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Heterosexual HIV figures highlight diverse need

MEDIA RELEASE: October 3, 2006

Heterosexual HIV figures highlight diverse need

The range of ethnicities among new heterosexual HIV diagnoses in New Zealand highlights a diverse need for health care and support services for those living with the virus, says the New Zealand AIDS Foundation.

Figures released today from the AIDS Epidemiology Group at Otago University show that although gay and bisexual men remain the most at-risk group for HIV, a rising number of heterosexual infections have been diagnosed in recent years, and an increasing number of women are affected.

The trend for heterosexual infections diagnosed in New Zealand mirrors the UK, where the major driver of the heterosexual epidemic is an increase in diagnosed infections in people from parts of the world with high HIV prevalence.

“These figures include New Zealanders who have been infected in high prevalence countries and returned home as well as new migrants,” says NZAF Executive Director Rachael Le Mesurier. “It’s a timely reminder for all New Zealanders to continue to remain vigilant around safe sex and condom use, especially when travelling overseas.“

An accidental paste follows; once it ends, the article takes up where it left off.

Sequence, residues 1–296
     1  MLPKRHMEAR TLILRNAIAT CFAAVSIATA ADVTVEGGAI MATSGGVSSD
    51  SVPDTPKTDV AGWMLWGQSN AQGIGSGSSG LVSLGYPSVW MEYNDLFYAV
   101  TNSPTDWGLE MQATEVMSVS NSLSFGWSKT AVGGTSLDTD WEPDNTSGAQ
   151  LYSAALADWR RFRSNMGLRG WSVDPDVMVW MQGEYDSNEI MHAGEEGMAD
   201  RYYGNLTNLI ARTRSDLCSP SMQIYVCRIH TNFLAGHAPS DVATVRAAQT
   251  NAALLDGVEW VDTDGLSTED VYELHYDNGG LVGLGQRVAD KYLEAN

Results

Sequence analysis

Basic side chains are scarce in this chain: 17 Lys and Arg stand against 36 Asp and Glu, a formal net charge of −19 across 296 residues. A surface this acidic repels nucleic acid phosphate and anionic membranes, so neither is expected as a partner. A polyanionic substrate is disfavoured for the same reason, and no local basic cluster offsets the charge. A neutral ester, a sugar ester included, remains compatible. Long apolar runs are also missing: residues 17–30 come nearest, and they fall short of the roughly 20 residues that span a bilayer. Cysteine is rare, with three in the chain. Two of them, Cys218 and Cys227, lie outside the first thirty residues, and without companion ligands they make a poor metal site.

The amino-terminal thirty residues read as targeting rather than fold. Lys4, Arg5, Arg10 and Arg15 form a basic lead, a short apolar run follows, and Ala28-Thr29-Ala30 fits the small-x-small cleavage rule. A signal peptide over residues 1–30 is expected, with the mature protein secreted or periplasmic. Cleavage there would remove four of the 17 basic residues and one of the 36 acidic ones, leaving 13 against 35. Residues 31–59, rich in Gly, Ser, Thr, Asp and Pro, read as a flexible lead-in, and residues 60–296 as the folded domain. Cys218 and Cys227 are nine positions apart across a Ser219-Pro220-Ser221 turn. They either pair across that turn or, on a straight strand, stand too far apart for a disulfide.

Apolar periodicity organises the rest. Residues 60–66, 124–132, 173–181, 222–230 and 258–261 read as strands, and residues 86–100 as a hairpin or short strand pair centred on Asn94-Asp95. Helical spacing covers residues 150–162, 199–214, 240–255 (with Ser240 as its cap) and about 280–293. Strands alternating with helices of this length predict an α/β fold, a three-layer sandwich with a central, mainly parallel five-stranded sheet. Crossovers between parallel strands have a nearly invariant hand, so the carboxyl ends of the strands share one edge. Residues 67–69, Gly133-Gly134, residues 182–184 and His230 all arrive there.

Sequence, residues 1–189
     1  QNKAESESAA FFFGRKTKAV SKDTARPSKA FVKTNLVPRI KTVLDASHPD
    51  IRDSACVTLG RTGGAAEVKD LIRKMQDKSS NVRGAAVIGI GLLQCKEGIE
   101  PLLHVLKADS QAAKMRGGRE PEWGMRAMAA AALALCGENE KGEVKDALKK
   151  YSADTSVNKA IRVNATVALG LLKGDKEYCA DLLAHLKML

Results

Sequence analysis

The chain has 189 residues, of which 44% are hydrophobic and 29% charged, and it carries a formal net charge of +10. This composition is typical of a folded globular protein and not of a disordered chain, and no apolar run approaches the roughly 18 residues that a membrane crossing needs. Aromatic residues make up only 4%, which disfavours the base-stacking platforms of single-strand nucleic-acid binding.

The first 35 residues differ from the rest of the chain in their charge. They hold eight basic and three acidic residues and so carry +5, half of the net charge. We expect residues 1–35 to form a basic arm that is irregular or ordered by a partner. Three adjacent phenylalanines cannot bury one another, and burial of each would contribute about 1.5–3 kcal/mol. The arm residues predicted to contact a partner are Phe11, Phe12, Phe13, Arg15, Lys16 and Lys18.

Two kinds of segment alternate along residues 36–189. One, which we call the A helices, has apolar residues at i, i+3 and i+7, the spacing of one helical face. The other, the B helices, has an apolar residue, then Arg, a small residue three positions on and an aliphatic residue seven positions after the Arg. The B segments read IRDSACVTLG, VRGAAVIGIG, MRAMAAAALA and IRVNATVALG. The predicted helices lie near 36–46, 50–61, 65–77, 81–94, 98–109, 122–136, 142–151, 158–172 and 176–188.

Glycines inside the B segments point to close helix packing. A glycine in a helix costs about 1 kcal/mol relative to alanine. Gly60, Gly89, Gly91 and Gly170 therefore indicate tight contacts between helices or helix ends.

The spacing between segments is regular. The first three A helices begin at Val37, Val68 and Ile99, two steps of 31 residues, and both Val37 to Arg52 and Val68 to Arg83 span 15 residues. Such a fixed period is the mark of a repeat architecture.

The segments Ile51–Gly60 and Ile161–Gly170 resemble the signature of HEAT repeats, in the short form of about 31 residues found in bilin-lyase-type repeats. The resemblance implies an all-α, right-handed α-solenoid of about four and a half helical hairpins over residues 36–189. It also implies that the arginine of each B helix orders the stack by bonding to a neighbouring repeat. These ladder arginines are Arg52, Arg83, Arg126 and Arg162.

New Zealand has remained a low prevalence country for HIV by building strong communities and countering stigma and discrimination against those communities most at-risk, as well as supporting those living with the virus.

“Many New Zealanders will remember our welcoming of Eve van Grafhorst when she was shunned by an Australian kindergarten. Eve was HIV-positive – she was also a migrant,” Le Mesurier says. “These new figures are a challenge for all New Zealanders to be honest about human behaviour and the effectiveness of condoms as the best protection from HIV, combined with evidence-based programmes for sex education.”

NZAF's Positive Health Services provides support for all those living with or affected by HIV, irrespective of gender, sexual orientation or ethnicity.


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